WIFI Coax AP

vmfantom

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Nov 28, 2017
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I guess there are 3 possibilities, not sure which one you're looking for:

  • A router with HomePNA over coax (CenturyLink has used these), or a router with a built-in MoCA controller (Comcast and Verizon FiOS have these)
    A router with an integrated cable modem that connects to a coax line (most cablecos use these)
    A router with detachable antennas that can be connected to coax for wifi distribution
In the latter case, it's a bit tricky if you really need an enterprise AP. Take EnGenius for example, they have N female antennas and RP-TNC along with the more standard RP-SMA connector. The only consolidated list I found is here and those routers appear to all have RP-SMA connectors, or you can search on WikiDevi. N connectors would be more useful on outdoor APs where you need the connector to lock in place and stand up to more abuse, and maybe even add a lightning arrestor between the antenna, coax jumper, and AP for good measure. Also, the larger diameter LMR cables used for wifi and cell towers don't crimp well to SMA connectors and are very rigid so N is more common. RP-SMA is what you'd find with indoor routers/APs.
 

heather.hitchler

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Jan 19, 2018
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I am looking for an enterprise solution that will utilize my customers current COAX cable installation. I have found a vendor "WIFIMUNDO" they make a coax access point but I am looking for more of a rugged outdoor.
 

vmfantom

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Do you know which type of coax they have in place, and which type of connector it uses? That could narrow things down.
 

vmfantom

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Ultimately, any AP that has detachable antennas would work fine. After you find that out, the only non-obvious detail to check is whether the AP interleaves 2.4 and 5 GHz on the same antennas, or has separate bands going to separate antennas. L-Com's catalog has outdoor diplexers to deal with that (just keep in mind that diplexers need to be paired if you're going that route).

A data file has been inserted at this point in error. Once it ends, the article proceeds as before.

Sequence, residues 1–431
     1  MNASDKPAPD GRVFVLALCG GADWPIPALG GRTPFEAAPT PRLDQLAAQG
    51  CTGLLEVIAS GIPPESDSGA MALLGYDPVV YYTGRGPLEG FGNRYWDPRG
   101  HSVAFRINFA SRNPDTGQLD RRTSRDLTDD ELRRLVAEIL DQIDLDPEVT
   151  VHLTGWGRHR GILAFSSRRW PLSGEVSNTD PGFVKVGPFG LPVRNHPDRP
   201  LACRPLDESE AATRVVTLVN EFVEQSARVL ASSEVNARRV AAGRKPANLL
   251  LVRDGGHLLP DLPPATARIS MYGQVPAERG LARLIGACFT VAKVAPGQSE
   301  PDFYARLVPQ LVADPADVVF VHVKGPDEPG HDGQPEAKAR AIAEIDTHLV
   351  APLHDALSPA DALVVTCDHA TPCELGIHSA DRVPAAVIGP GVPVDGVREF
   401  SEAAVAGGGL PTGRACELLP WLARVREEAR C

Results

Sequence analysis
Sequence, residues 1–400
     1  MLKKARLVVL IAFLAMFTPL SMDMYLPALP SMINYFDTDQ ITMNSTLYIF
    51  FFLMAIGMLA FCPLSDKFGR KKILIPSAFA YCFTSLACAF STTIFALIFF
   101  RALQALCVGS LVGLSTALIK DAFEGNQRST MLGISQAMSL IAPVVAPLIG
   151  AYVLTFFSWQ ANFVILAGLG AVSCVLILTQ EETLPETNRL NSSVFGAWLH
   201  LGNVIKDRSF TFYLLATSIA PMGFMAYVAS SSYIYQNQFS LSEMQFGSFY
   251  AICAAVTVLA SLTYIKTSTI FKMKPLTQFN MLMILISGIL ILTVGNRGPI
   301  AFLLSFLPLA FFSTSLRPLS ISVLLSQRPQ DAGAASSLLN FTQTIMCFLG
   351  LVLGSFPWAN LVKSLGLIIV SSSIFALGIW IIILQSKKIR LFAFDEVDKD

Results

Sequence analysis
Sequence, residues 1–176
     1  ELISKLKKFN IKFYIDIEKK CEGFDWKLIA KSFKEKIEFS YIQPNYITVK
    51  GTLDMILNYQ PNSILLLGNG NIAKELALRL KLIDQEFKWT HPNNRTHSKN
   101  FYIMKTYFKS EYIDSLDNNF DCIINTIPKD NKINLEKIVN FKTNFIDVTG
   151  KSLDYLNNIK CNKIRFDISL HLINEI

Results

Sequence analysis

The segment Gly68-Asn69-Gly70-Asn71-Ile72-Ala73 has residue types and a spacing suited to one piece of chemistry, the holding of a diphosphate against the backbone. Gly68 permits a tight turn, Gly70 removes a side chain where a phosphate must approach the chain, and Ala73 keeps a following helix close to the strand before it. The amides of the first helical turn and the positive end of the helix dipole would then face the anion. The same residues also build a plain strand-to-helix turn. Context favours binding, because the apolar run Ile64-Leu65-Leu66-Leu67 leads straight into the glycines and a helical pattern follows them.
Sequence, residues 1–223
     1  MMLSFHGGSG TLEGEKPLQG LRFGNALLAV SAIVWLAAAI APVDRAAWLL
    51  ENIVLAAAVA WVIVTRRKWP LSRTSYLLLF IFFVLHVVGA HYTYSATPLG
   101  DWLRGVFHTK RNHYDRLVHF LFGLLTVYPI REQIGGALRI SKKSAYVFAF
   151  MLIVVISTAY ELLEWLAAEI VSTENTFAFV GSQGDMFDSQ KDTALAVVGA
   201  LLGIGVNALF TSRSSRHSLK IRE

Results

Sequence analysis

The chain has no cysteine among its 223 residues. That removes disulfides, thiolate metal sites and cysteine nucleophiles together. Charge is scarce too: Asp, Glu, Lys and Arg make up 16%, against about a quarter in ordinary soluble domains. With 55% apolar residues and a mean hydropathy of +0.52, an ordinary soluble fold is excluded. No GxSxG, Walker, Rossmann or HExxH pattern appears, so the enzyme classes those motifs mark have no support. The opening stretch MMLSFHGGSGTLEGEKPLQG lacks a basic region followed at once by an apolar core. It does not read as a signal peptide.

As an example, EnGenius' ENH1750EXT has 3 5 dBi antennas on 2.4 GHz and 3 7 dBi antennas on 5 GHz. They all detach, but you wouldn't want to mux together multiple radio chains on the same coax cable or you'd have reflectivity to worry about. But these APs are made for the exact purpose you described.

I'd agree that WiFi Mundo isn't the way to go in the long run. Not just because that's designed for indoors, but because it's self-contained and integrated. You can't upgrade the antennas or the radio modules down the road without needing to replace everything, whereas if you're using coax for wifi, you can upgrade to better APs or better antennas later on without needing to gut everything. WiFiTel looks like it can only do 802.11n max, so there's no 802.11ac or ax support and who knows if/when they plan to release new hardware. You'd be locked in with that vendor.

You'd need to figure out your link budget based on total cable assembly loss for each cabling length. Other than that, if you aren't using 50 ohm cabling, you'd need impedance converters, but those are cheap thanks to China and ham radio enthusiasts.
 

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